Bananas.org

Welcome to the Bananas.org forums.

You're currently viewing our message boards as a guest which gives you limited access to participate in discussions and access our other features such as our wiki and photo gallery. By joining our community, you'll have access to post topics, communicate privately with other members (PM), respond to polls, upload photos, and access many other special features. Registration is fast and simple, so please join our community today!

If you have any problems with the registration process or your account login, please contact us.

Go Back   Bananas.org > Banana Forum > Banana Plant Soil, Additives, and Fertilizer
The Facebook Platform
Register Photo Gallery Classifieds Wiki Chat Map Search Today's Posts Mark Forums Read

Banana Plant Soil, Additives, and Fertilizer This forum is an area where you may discuss the soil to grow banana plants in, as well as soil additives such as teas, composts, manures, fertilizers and related topics.


Members currently in the chatroom: 0
The most chatters online in one day was 17, 09-06-2009.
No one is currently using the chat.

Reply   Email this Page Email this Page
 
LinkBack Thread Tools
Old 08-26-2009, 04:02 PM   #1 (permalink)
sbl
 
sbl's Avatar
 
Location: Pensacola, FL
Zone: 8/9
Join Date: Jul 2009
Posts: 1,013
BananaBucks : 46,815
Feedback: 0 / 0%
Said "Thanks" 177 Times
Was Thanked 724 Times in 393 Posts
Said "Welcome to Bananas" 154 Times
Default Understanding the Nitrogen cycle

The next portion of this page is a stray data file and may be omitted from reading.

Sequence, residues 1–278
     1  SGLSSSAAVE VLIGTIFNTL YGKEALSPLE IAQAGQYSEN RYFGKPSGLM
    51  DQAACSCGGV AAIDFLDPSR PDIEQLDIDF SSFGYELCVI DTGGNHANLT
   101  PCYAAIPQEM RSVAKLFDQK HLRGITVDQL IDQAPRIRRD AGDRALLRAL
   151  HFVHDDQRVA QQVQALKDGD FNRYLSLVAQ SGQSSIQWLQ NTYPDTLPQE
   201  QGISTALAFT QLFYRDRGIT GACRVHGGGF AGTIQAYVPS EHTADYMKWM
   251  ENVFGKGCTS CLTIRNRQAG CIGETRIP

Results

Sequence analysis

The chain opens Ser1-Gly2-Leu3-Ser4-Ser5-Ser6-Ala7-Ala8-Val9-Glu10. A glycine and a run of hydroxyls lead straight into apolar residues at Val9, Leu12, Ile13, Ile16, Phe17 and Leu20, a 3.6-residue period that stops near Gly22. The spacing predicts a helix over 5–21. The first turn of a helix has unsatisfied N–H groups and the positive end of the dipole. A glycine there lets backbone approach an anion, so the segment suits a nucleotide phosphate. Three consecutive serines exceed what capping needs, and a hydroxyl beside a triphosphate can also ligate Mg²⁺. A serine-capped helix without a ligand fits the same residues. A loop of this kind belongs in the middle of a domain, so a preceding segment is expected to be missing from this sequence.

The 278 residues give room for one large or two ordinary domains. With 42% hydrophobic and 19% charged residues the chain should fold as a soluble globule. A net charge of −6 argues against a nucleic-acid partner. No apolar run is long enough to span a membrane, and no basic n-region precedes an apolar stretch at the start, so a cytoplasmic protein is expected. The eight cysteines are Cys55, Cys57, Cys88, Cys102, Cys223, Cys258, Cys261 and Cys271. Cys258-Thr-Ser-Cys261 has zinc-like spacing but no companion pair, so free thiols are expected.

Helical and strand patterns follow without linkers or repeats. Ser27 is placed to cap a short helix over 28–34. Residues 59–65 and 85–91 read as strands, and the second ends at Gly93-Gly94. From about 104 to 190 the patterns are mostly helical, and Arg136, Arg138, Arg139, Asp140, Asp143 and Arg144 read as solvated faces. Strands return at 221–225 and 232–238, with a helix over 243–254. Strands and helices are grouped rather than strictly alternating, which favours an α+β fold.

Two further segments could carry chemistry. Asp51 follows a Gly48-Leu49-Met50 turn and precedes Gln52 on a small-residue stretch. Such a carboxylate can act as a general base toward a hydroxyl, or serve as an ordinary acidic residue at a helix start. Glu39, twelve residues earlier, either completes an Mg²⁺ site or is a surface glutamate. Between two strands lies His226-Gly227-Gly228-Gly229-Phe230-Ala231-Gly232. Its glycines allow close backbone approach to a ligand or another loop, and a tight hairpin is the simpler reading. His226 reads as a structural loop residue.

For those that are interested I have written a simple explanation of the Nitrogen Cycle--where fertilizer comes from and where it goes. I will be glad to answer any questions.


Nitrogen Cycle

Nitrogen is very common in our atmosphere, approximately 80%, but that nitrogen is not available to plants. Plants use what is called fixed nitrogen (various forms of fertilizer), nitrogen in the chemical forms of nitrate (NO3-), nitrite (NO2-), ammonia (NH3), or more likely ammonium (NH4+). Some plants prefer one form over the other, like citrus prefer nitrate, however, typically acid loving plants like blueberries do not like nitrate and it can be toxic to them.

There are biological and physical processes in nature that convert atmospheric nitrogen to fixed nitrogen. Bacteria in the nodules of legumes are capable of converting atmospheric N to fixed nitrogen. Lightening is also capable of producing ammonia from air. Man has also learned how to convert atmospheric N to ammonia in a similar process called the Haber-Bosch process using heat and electricity.

There are also processes in nature that convert fixed nitrogen (fertilizer) back into atmospheric N. This is an important process in wetlands that helps remove nitrogen from our water and waterways. The process is a bacterial process called denitrification and converts nitrate into atmospheric N. There is also a bacterial process called nitrification that converts ammonia (or ammonium ions) into nitrate. These two processes are often coupled at an oxic/anoxic boundary in sediments and soils.


There are also some mined sources of nitrogen fertilizers, like nitrate in Chile.
sbl is offline   Reply With Quote Send A Private Message To sbl

Join Bananas.org Today!

Are you a banana plant enthusiast? Then we hope you will join the community. You will gain access to post, create threads, private message, upload images, join groups and more.

Bananas.org is owned and operated by fellow banana plant enthusiasts. We strive to offer a non-commercial community to learn and share information. Receive all three issues from Volume 1 of Bananas Magazine with your membership:
   

Join Bananas.org Today! - Click Here


Sponsors

Reply   Email this Page Email this Page






Currently Active Users Viewing This Thread: 1 (0 members and 1 guests)
 
Thread Tools


Similar Threads
Thread Thread Starter Forum Replies Last Post
pictures of the banana plant life cycle and production process sought Tracy Member Introductions 5 07-27-2009 06:43 PM


All times are GMT -5. The time now is 07:47 PM.





Follow us:
Twitter YouTube

All content © Bananas.org & the respective author.